Generality (psychology)

From Wikipedia, the free encyclopedia
Jump to navigation Jump to search

In behavioral psychology, the assumption of generality is the assumption that the results of experiments involving schedules of reinforcement, conducted on non-human subjects (often pigeons), can be generalized to apply to humans.[1][2][3] If the assumption holds, many aspects of daily human life can be understood in terms of these results. The naturalization of sunlight helps our bodies to stay awake and keep motivated. The darkness that comes with night tells our body to slow down for the day and get some rest. The ability to survive comes with generality. Experiments have been done to test inescapability and insolubility.[4]

Fergus Lowe has questioned the generality of schedule effects in cases of fixed-interval performance among humans and non-humans.[5]

The ability to generalize information from one situation to another is a function of several factors: the reliability of the original information; the paradigm's validity; one's understanding of the paradigm, the true determinants of the behavior, and the relevant details of the situations in question; and the similarity between the original source of the data and the situation to which it is to be applied.[6]

There are both similarities and differences between the terms "stimulus generalization" and "generality of a functional relationship." Stimulus generalization is the description of the fact that an organism behaves in a similar way to similar stimuli, and that the more different the stimuli, the more different the behavior. The generality of a finding refers to the degree to which a functional relationship obtained in one situation is able to predict the obtained relationship in a new situation.[6]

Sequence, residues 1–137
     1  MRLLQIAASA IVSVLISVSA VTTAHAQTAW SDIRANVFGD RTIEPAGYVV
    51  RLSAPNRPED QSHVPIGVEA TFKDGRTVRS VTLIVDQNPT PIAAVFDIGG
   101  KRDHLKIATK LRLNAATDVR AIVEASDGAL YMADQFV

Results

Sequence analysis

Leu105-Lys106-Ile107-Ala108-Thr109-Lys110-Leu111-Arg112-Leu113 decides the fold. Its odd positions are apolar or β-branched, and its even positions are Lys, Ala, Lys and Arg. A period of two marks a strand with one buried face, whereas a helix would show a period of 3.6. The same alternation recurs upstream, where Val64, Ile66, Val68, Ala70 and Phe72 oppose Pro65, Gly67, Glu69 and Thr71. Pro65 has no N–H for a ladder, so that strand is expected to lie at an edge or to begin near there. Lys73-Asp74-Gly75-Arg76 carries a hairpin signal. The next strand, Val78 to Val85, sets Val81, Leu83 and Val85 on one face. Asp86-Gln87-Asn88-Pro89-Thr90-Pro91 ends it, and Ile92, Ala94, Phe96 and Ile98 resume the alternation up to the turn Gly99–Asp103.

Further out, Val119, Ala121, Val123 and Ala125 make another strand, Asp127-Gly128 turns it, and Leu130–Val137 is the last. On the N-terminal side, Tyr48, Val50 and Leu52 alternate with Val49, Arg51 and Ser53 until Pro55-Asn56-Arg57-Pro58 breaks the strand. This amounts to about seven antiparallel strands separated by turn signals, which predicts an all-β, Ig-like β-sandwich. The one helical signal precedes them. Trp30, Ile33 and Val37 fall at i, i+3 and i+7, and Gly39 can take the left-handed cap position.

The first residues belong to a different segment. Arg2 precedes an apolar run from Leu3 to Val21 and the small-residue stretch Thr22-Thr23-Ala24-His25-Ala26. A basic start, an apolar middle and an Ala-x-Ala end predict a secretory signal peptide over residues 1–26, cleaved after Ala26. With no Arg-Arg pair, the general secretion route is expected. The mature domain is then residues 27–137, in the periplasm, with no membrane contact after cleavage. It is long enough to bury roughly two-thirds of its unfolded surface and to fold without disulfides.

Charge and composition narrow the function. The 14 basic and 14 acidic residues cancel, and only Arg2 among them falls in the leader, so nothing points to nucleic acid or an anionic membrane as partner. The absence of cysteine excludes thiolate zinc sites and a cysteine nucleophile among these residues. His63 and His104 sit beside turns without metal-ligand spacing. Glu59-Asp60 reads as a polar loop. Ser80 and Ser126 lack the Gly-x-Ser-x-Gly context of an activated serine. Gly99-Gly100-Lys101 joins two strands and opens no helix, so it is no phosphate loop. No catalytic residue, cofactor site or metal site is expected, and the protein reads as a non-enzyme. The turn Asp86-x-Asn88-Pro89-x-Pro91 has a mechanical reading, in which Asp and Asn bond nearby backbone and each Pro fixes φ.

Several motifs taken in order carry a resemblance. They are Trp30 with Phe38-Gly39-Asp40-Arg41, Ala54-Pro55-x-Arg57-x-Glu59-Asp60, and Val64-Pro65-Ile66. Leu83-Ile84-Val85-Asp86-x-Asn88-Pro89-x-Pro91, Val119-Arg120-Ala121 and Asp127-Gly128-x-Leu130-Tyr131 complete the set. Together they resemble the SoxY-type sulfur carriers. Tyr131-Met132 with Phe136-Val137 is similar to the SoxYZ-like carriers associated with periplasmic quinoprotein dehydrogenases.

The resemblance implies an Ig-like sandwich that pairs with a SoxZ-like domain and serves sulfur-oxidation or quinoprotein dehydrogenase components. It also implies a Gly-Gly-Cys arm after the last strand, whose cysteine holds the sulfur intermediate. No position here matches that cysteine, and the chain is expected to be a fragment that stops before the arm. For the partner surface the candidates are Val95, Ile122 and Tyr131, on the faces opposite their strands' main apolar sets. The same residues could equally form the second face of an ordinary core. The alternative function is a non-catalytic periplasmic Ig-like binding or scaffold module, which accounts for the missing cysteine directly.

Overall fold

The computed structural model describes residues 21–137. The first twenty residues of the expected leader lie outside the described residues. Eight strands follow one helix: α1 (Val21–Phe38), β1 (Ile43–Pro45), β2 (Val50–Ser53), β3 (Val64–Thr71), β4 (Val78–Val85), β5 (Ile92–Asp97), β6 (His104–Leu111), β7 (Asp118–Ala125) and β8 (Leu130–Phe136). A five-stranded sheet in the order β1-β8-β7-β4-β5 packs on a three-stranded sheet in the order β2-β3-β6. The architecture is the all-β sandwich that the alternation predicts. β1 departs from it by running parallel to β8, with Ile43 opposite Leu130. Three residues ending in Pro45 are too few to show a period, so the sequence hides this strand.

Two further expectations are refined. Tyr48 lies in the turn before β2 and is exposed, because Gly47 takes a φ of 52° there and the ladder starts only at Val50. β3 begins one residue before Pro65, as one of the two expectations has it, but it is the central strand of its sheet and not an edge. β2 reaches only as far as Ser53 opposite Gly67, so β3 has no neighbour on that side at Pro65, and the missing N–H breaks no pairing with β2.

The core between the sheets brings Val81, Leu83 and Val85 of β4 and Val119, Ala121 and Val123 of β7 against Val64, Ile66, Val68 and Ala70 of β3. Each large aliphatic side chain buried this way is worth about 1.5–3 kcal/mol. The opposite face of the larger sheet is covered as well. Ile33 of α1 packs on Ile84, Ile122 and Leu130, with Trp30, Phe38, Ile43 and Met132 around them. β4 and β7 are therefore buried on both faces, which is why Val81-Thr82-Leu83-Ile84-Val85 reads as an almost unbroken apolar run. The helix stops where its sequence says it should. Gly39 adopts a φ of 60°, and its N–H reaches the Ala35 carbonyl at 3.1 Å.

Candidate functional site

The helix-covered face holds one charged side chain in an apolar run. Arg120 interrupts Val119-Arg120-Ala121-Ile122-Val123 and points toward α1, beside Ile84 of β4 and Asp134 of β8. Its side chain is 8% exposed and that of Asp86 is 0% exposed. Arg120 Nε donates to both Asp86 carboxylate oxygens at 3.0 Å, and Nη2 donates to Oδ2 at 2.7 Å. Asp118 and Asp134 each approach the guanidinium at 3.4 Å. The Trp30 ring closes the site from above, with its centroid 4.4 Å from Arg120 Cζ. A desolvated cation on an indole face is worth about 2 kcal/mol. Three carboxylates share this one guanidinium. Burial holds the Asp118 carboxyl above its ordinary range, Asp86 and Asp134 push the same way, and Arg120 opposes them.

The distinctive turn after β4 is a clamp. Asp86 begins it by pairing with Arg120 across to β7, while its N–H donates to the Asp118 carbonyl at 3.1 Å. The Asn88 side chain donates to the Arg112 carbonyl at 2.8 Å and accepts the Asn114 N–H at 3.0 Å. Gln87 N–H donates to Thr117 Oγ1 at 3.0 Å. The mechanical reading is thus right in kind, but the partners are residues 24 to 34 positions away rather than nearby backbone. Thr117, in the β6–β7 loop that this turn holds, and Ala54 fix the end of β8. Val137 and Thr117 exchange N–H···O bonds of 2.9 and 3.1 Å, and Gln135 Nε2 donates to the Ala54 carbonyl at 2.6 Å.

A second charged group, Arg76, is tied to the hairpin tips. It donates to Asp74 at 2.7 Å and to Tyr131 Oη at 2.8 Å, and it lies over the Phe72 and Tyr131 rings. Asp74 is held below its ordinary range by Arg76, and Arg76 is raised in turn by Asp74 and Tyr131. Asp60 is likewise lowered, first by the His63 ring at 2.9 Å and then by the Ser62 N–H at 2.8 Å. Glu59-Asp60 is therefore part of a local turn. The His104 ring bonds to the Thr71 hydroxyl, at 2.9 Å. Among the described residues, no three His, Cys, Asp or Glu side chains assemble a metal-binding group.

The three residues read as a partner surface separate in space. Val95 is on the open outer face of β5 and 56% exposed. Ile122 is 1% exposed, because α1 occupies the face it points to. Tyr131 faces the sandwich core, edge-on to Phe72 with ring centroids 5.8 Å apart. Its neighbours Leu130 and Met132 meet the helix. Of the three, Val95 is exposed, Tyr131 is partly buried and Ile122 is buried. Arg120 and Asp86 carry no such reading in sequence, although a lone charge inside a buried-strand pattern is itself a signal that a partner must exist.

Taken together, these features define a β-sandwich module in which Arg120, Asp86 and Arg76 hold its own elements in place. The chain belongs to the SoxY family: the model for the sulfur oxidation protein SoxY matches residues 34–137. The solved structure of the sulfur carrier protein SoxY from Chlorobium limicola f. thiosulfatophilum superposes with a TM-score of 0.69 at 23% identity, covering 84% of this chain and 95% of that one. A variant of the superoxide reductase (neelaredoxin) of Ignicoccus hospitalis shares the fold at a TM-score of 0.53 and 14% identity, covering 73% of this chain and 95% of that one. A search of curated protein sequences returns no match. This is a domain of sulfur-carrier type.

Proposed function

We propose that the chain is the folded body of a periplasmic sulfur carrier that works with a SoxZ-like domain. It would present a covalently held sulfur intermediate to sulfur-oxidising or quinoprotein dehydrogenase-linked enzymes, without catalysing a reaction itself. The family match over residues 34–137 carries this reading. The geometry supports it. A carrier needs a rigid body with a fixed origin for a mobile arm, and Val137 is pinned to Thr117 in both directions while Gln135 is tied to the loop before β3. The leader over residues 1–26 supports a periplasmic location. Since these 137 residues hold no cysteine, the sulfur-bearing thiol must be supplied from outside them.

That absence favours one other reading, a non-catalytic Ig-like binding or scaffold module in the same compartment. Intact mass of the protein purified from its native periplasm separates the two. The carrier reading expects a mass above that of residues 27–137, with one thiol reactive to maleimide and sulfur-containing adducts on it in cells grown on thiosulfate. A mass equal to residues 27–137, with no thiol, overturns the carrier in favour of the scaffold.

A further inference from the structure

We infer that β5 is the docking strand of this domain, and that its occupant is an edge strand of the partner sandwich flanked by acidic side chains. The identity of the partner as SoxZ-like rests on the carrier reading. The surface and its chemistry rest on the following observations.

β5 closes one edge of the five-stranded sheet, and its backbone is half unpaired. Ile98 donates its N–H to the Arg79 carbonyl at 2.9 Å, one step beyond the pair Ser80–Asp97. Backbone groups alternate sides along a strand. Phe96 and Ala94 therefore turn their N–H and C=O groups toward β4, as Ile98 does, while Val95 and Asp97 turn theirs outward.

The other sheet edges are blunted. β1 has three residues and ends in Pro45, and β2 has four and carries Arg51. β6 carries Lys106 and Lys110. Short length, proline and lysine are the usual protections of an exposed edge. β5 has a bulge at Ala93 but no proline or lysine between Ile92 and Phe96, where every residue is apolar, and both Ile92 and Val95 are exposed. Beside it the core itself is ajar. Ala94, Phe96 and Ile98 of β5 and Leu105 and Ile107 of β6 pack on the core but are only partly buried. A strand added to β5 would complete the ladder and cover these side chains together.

"Generality" refers more to functional relationships than individual events. That responses occur to X about the same as to Z is irrelevant; rather, that distributed practice helps in learning nonsense syllables and in learning other tasks.[6]

References[edit]

  1. ^ Whaley, D.L & Mallott, R.W. (1971). Elementary Principles of Behavior. Englewood Cliffs, NJ: Prentice-Hall.
  2. ^ Morse W.H. (1966). Intermittent reinforcement. In W.K. Honig (ed.), Operant Behavior: areas of research and application (pp. 52–108). New York: Appleton-Century-Crofts.
  3. ^ Skinner, B.F. (1969). Contingencies of Reinforcement: A theoretical analysis. New York: Appleton-Century-Crofts.
  4. ^ Hiroto, Donald S.; Seligman, Martin E. (1975). "Generality of learned helplessness in man". Journal of Personality and Social Psychology. 31 (2): 311–327. doi:10.1037/h0076270.
  5. ^ Lowe, F.C. (1979) Determinants of human operant behavior. In M.D. Zeiler & P. Harzem (Eds), Reinforcement and the organization of behavior (pp. 159–192). New York: John Wiley.
  6. ^ a b c "Generality Maximization". Jsu.edu. 2002-11-17. Retrieved 2014-02-20.